India And Pakistan In A “Hot War”



The South Asian security architecture became complex and less predictable after India carried out its first nuclear weapons test in 1974 — in a so-called Peaceful nuclear test. Since India only received a slap on the wrist, this partly emboldened New Delhi to test again in 1998 and its abstention from recent voting on the resolution that seeks a ban on future testing makes their intentions doubtful. It remains to be seen, how the international community will react if India resumes testing.

The conflict prone Indo-Pak subcontinent has witnessed an arms buildup by India that Pakistan is trying to match, and nuclear weapons have bridged that conventional military asymmetry to some extent. However, the Indian acquisition of a ballistic missile defense system, massive expenditures on satellites and Russian leased nuclear powered submarines that India is reverse engineering, are dangerous trends. The nature of strategic stability between these arch rivals could then tilt from that of deterrence to compellence, as India could have assumed a sense of enhanced power that may motivate it to coerce by taking ‘pre-emptory action’ rather than deterring Pakistan. The Western powers and other minions, who have economic or geo-strategic interests with India, unfortunately encourage this imbalance in power. This dangerous trend could push the region towards perpetual instability.

This shift in Indian policy of credible minimum deterrence is motivated by global power ambitions and has become possible because of three reasons: India’s economic rise, its narrative to project itself as a prospective counter-weight China and willingness of Beijing’s competitors to let New Delhi bid to such position. The facts are, however, a bit different. It is not necessary that India could do American and Western bidding to actually contain China. Like them, New Delhi also has huge trade interests with Beijing and there is visible economic interdependence. In this sense, China does not react to Indian provocations to consider it is a competitor.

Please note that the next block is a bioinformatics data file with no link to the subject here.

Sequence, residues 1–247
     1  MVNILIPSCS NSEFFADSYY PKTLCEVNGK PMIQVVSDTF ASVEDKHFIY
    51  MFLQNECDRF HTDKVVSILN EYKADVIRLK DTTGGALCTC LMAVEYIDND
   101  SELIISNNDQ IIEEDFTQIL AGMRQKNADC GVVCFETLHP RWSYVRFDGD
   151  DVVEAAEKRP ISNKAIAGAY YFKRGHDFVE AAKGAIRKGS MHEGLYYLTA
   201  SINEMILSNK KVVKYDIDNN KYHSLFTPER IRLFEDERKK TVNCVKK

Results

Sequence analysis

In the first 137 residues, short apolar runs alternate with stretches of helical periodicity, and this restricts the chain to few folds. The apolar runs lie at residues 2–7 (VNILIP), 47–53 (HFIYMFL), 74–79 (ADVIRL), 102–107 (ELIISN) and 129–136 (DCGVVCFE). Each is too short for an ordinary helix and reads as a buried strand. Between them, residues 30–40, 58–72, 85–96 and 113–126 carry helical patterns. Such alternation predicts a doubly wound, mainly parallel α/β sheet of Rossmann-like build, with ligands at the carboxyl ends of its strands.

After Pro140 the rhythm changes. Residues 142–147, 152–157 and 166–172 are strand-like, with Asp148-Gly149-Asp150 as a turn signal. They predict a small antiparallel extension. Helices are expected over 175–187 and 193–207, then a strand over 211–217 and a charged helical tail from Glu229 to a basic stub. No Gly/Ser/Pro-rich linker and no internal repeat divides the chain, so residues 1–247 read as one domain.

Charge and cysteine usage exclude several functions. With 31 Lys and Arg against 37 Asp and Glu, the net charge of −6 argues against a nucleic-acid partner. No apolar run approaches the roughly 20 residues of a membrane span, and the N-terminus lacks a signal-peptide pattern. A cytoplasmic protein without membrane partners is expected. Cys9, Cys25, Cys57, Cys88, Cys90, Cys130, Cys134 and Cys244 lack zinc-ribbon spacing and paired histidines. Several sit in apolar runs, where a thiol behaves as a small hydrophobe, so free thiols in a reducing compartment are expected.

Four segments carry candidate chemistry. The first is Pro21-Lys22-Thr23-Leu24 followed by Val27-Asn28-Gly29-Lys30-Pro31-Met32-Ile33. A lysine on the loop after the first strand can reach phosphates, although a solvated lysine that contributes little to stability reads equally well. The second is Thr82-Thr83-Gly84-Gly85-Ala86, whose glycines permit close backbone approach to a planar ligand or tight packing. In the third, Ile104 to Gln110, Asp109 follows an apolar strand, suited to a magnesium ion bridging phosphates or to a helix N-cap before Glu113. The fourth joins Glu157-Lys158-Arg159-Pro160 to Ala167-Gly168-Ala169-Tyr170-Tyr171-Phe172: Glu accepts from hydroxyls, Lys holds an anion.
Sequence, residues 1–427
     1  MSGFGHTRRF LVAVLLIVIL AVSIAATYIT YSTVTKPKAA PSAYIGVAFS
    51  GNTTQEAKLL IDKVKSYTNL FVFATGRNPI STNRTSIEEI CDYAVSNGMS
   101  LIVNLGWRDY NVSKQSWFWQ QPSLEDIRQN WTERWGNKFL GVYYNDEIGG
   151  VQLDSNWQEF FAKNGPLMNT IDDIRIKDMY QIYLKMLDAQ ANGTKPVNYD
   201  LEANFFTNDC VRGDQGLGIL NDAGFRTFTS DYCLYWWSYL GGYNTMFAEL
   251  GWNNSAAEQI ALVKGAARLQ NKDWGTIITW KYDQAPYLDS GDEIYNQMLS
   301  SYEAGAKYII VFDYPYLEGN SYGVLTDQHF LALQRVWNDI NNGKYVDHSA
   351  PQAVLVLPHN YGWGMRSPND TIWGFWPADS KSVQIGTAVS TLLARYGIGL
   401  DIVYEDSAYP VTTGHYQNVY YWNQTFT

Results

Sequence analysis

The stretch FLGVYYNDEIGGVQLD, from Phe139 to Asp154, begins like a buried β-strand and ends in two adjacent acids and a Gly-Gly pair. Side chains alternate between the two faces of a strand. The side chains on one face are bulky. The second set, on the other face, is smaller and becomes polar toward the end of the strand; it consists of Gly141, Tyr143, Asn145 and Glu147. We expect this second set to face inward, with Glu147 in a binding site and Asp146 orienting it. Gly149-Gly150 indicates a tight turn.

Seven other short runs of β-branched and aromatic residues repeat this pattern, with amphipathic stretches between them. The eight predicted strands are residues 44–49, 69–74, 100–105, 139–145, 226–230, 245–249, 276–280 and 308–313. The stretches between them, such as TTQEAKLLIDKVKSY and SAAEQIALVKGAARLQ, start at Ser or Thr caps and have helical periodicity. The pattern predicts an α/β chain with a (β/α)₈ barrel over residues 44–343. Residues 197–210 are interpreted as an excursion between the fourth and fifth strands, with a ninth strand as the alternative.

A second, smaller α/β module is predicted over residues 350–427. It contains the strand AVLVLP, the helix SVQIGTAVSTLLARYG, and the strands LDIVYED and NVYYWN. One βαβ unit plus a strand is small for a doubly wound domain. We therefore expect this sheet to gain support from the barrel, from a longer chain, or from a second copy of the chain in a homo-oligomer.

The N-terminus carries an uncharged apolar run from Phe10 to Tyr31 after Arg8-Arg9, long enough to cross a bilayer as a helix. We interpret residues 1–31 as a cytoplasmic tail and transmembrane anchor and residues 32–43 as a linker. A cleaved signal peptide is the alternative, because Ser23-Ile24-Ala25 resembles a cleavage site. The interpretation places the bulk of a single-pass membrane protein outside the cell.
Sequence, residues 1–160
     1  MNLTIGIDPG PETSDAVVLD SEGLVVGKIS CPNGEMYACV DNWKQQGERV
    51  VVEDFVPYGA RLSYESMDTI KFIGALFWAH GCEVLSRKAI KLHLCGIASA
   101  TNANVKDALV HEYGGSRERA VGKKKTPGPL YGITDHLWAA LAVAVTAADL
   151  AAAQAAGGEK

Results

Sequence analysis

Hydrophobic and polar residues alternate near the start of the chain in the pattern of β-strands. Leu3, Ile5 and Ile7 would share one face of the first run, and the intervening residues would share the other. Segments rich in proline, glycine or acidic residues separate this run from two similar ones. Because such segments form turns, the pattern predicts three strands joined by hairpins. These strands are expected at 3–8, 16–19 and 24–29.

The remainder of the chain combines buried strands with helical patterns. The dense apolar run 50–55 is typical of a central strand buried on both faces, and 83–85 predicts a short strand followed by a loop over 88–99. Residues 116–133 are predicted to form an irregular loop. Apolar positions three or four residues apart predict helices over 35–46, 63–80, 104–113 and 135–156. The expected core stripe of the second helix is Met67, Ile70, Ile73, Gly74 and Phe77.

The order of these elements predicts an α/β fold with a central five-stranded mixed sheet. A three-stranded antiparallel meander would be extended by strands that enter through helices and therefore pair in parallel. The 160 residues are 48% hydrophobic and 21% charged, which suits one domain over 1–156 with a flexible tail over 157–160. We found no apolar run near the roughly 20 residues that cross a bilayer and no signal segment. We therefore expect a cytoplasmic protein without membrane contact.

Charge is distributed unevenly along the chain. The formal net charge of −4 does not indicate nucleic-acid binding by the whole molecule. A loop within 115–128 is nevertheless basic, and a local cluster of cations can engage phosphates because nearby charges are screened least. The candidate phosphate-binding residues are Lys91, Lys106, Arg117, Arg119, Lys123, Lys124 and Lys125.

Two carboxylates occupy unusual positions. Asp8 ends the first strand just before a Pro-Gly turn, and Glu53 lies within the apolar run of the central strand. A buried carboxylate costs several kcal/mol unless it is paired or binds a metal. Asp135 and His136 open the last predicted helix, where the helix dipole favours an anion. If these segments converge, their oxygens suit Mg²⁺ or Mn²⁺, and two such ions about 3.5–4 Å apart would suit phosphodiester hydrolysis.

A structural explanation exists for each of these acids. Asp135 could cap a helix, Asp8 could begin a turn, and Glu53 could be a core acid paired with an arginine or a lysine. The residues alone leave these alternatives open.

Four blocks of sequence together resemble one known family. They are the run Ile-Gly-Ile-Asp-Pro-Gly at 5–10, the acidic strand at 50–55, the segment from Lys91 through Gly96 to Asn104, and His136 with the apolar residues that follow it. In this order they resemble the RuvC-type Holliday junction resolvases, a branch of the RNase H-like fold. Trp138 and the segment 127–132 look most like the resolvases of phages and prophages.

Since, the BJP came into power, security artists in New Delhi have drafted policies for more bombs and better ways to deliver them. The shift in the Indian nuclear posture from credible minimum deterrence to that of effective deterrence is clear from the recent developments that have taken place since Modi came to power. Developments, such as flight testing of the subsonic cruise missile, Nirbhay, ICBM Agni V, super-sonic cruise missile Brahmos, Dhanush missiles, and the most controversial Indo-Australian uranium deal and recent refusal to the UN Draft resolution on NPT depicts Modi’s over–consciousness in national security. Recently, the BJP government has opted to buy $525m worth of Spike anti-tank guided missiles from Israel. Indian echoes arms imports have increased by 111% within 3 to 4 years and its weapons purchases account for about 14% of the global arms trade.

Indian domestic politics also plays a role in this policy shift. The Indian nuclear establishment creates the conditions that favor weapons acquisitions by encouraging extreme foreign threats and actively lobbying for increased defense spending. The roots of Modi’s security driven initiatives can be found in BJP’s maiden budget that overwhelmingly boosted its defense budget to 12% and foreign direct investment in domestic weapons industry has also increased to 49%. The nuclear establishment in India has the lion’s share in the country’s defense budget and more importantly a nod from Modi in making more sophisticated missile systems — a shift to reliance on hard power.

From the developments of last three months, it can be seen that the word minimum has lost its meaning in Indian nuclear policy of deterrence. Minimum is just a hangover of a bygone era that was only associated with an economically weak India. With newfound money and political support, India is pushing towards a more aggressive nuclear posture to deter regional adversaries. In pursuit of regional hegemony, its nuclear posture is even more aggressive than other nuclear powers. India sees its unchecked nuclear spending as a policy tool in achieving national interests. It is quite clear that, in the near future Modi’s hawkish policies and aggressive doctrinal shift will further deteriorate regional peace and stability — and Western myopia has let this happen.

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